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Purdue's Dirty Secret: Welcome to Point Guard Purgatory

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A look at PJ Thompson, Purdue's smallest and most important player.

Sandra Dukes-USA TODAY Sports

There's a dirty secret with Purdue Basketball:

We've not been very good for point guards and point guards haven't been very good for us.

I know, this is completely against the rushing tide of optimism coming in after the Caleb Swanigan signing. (And, yes, that counts as the one mandated Swanigan reference each article needs.) But it's the truth. Don't believe me? Answer this question.

Who is the best Purdue point guard of the last ten years?

Do you prefer the one year of Octeus's steady hand? Or the frenzied four years of Lewis Jackson? (Give me the baptist every day, and twice on days we play IU.)

This isn't an edict against our former Boilers. LewJack was a menace. Octeus helped change our culture back to the better, but Octeus didn't have the consistent jumper to take our offense to the next level and my grandmother has been losing an inch a year for the last decade and still has a height advantage over Jackson in the post.

Also, the motion offense. We run a motion offense. One that is not nearly as pretty as the Princeton offense, but uses similar theories of thought with people constantly entering and exiting the post, cutting and curling around for open jumpers. It's almost antithesis to the offense you'd need for a point guard to record the stats we use to measure success at the position.

The NBA is currently sitting on a point guard pantheon. Steph Curry will face Kyrie Irving in a few days in the finals. Two ball dominant point guards with quick triggers, ridic handle, and limitless range. Russel Westbrook has done unthinkable things to defenses this year. Derrick Rose came back and then got hurt and then came back and then got hurt and then came back a few hundred more times to remind us of his potential. Everywhere, point guards are becoming the symbol for what basketball is.

The motion offense is beautiful in the fact it gives everyone a chance to play the point. Edwards at the top of the key can catch and instigate a drive or kick it to the corner. Stephens can come hard off a screen and shoot or look for Hammons in the post. The ball moves. The players move. Nothing settles. Hence, offense in motion. When it works, it's beautiful. When it doesn't, it looks like a clogged toilet in your favorite frat house after taco night.

Which is why Octeus's transfer was such a blessing. When our offense clogged, for once we had a plan b in the form of high pick and rolls. Hammons was enough of a threat from mid range to pull out his defender and we could fake enough shooting on the perimeter to create lanes for Octeus to get to the rim. Davis is a world class back door cutter. Matthias and Edwards were revelations as passers. Hammons could still dominate the post, and Haas was 8 feet tall.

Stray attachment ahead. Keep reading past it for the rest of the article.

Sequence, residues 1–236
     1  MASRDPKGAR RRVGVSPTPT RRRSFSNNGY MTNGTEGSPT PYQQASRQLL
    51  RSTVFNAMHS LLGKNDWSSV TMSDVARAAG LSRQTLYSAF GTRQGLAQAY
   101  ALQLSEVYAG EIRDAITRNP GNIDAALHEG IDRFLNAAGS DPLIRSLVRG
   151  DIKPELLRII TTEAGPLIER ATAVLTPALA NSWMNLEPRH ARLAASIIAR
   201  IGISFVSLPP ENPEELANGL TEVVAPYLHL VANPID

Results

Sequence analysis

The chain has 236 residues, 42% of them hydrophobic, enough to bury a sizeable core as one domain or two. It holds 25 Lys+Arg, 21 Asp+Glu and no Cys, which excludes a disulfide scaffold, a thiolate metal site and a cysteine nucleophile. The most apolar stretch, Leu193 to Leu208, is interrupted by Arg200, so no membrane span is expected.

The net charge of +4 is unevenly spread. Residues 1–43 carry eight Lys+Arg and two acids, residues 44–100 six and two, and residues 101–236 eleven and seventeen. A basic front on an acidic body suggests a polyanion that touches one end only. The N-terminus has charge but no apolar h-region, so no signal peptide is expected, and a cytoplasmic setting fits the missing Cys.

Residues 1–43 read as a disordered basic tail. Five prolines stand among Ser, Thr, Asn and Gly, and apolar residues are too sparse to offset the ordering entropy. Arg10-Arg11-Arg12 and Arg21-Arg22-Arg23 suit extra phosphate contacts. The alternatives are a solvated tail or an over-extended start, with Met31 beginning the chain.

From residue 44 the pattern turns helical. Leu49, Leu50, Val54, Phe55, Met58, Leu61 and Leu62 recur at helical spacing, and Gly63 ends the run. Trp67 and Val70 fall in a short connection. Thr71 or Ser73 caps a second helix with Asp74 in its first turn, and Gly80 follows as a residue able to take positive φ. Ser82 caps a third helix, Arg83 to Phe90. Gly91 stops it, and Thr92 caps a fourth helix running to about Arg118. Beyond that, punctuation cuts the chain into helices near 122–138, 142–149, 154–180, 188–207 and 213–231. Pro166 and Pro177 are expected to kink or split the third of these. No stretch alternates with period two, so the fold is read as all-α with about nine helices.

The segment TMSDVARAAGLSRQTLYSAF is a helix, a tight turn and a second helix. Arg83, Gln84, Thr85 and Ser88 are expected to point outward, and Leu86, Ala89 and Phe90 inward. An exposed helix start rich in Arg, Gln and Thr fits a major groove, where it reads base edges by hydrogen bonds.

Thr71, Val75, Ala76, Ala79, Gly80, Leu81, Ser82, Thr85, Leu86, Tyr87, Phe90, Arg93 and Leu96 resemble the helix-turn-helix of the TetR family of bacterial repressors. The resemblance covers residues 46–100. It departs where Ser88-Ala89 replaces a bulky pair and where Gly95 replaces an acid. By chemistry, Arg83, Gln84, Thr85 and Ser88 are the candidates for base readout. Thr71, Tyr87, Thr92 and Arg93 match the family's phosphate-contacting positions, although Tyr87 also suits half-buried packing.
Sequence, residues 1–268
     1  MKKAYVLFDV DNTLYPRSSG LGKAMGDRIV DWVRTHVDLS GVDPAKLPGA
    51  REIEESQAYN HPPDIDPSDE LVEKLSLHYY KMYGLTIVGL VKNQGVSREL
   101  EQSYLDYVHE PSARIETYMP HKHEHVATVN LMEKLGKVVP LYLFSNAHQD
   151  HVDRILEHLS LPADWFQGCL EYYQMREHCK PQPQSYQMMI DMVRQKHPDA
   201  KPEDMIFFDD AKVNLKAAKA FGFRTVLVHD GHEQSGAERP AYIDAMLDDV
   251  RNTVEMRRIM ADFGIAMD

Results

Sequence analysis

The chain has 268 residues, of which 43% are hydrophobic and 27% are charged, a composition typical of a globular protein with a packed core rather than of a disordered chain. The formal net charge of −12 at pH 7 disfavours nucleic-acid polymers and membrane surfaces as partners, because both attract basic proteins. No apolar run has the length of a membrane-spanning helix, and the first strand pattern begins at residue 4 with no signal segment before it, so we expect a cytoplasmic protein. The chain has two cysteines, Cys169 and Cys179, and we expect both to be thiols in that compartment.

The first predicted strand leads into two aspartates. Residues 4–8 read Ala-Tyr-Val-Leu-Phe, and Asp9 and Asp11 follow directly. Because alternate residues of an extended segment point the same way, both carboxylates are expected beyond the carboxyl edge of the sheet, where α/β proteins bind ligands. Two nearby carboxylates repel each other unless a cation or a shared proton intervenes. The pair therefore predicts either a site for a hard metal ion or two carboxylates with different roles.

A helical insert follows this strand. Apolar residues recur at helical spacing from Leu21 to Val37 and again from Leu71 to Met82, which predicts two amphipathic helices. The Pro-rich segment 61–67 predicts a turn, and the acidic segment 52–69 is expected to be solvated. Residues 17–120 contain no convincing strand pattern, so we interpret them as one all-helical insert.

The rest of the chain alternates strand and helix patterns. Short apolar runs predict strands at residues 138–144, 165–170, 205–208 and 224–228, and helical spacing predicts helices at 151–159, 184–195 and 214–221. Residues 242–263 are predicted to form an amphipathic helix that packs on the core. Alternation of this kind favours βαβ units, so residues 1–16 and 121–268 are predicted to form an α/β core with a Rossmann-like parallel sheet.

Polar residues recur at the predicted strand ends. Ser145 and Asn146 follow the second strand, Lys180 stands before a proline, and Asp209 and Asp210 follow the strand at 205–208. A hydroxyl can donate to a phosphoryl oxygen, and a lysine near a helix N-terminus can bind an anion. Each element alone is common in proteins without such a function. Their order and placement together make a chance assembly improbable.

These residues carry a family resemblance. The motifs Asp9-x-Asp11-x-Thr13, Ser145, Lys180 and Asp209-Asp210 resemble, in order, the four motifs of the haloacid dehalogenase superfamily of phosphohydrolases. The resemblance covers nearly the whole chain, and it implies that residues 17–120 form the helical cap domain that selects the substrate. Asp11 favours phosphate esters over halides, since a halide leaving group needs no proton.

PJ Thompson was an after thought. A small, bug of a player who showed good energy and someone who had a reputation as a long range shooter. He seemed like a nice kid, a smart player, but someone who was probably out of his depth. Too small, not at all the physical specimen that Bryson Scott was. In a few years, maybe, he'd help us win a few games.

But Octeus is gone. So is Scott. Swanigan is here, and there's not a few years to wait. The expectations will be there from day one. We bring back the defense player of the conference, a three time Freshman of the week, an 8 foot monster, and the top two vote getters for Mr. Basketball in a state obsessed with that round orange ball.

And as great as this lineup looks: Davis, Edwards, Swanigan, Hammons

You play basketball with five on the court. Sure, Davis can get some run guarding the one, but he'll have trouble with quick point guards. Johnny Hill will be a nice addition, but he lacks the range to keep our offense functioning at high velocity. The shot clock lowers by five seconds for this upcoming year, and we'll need a shooter and play maker at the point. Someone able to press up on point guards and take advantage of the towers he has  behind him. Someone capable of hitting open threes after doubles in the post. Someone capable of making the right pass and keep the play moving.

PJ Thompson is currently in China, representing his country against professional Chinese and Mongolian teams. He looks like LewJack on the court, but he plays more like Octeus. There's a symmetry to that. Can he harness his quickness and keep the pace of the game? Can he find his shot? Can he harass ball handlers into the turnovers that turn Mackey into a frenzy? In a fill in the blank game, he has the potential to be all the answers.

Whether he will be, remains to be seen. I'm hopeful, but I am sure that Purdue will only reach its ceiling with a major contribution from its smallest player.